Log in to your account

Not a member yet?

Subscribe now

Yes, you can eat carbohydrates

Another article popped up online recently, discussing low-carb, paleo diets. The title contained the words the ‘downside’ of carbohydrates – something that annoys me to read. It doesn’t make sense to say that nutrients have a downside. Anything can have a downside – what we need to look at is context. And, for nutrition, the context is our overall dietary pattern and a healthy relationship with food.

What do bananas, oats, lollies, kumara, biscuits, quinoa and white bread all have in common? They’re all foods high in carbohydrate. But they all vary considerably in terms of their nutrient density. It’s well known that some foods high in carbohydrate have beneficial nutritional properties. We can’t lump all foods in one basket, and sometimes talking about food in terms of macronutrients isn’t very useful. After all, we eat food, not individual nutrients!

Foods high in carbohydrates can have a positive impact on our nutrition and wellbeing, for instance:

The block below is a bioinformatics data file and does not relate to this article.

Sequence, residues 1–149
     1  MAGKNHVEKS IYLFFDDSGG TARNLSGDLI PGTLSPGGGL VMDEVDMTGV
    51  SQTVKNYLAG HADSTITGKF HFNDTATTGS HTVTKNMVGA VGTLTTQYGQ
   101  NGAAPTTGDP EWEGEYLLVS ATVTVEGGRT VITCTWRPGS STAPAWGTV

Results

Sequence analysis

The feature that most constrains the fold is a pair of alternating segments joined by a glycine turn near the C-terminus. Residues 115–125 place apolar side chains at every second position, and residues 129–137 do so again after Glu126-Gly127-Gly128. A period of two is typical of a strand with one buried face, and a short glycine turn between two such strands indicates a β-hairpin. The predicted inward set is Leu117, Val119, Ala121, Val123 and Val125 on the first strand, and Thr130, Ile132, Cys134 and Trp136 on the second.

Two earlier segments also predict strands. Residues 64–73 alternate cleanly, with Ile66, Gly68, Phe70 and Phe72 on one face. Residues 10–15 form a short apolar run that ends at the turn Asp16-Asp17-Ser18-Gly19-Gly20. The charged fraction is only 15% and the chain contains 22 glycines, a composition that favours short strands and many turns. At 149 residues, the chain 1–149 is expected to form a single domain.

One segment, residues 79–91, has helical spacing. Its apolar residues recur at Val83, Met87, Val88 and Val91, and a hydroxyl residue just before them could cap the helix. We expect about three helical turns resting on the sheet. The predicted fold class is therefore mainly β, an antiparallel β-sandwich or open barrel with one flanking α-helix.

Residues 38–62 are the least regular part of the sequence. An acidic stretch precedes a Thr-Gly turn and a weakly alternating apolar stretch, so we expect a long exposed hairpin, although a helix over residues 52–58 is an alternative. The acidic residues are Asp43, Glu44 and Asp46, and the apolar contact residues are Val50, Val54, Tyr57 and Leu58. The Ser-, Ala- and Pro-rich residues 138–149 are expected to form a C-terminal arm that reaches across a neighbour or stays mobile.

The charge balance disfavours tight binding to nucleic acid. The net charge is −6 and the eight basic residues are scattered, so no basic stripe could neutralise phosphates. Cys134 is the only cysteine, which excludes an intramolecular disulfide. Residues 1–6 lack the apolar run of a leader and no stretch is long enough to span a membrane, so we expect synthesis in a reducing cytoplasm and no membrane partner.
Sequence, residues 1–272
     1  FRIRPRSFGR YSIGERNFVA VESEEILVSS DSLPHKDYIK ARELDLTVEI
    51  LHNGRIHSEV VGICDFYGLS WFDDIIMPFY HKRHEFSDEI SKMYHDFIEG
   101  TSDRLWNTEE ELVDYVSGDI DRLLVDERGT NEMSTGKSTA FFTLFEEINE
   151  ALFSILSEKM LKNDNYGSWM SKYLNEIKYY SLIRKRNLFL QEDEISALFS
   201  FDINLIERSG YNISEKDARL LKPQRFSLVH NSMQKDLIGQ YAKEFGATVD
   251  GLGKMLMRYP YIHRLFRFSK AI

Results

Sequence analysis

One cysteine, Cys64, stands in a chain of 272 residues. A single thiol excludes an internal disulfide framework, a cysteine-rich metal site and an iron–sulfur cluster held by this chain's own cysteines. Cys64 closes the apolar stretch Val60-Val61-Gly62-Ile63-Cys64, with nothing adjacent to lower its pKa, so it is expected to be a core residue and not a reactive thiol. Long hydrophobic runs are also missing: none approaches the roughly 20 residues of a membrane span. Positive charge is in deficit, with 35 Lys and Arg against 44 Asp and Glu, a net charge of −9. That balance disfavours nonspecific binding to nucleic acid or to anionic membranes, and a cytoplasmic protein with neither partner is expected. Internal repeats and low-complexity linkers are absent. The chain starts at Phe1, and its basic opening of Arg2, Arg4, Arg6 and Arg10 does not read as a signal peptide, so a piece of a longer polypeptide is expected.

• Carbohydrate foods provide dietary fibre. Wholegrains, legumes, fruit and vegetables all contain different types of dietary fibre and we know one of the best ways to maintain gut health is to have a diverse, varied diet. It’s possible that removing food groups will reduce the diversity of your gut bacteria, which could have consequences for well-being.

• Carbohydrates are the preferred source of energy for the brain and muscles. While a low-carb, high-fat diet can increase your body’s ability to use fat as a fuel source, recent research shows there is a lack of evidence that this improves sports performance.

• Wholegrains are associated with positive health benefits, including reduced risk of developing heart disease and diabetes.

Our obsession with carbs vs fat isn’t helping us be healthier. While some people may feel better eating a lower carbohydrate diet, others feel great when they include foods high in carbohydrates.

Cutting out food groups can cause a negative relationship with food, particularly if it’s done with the aim of weight loss. Carbohydrate foods taste good and they add a different taste dimension to a meal. Most people enjoy carbohydrate foods and eliminating them can lead to a cycle of deprivation, guilt and binging – something I see regularly with clients.

At the end of the day, in my opinion, a healthy diet is one that nourishes your body with the nutrients it needs without making you anxious and stressed about food. Acknowledging we are all different and no food group is ‘bad’ is important for maintaining overall wellness, in terms of both body and mind.



Saved: go to meal plans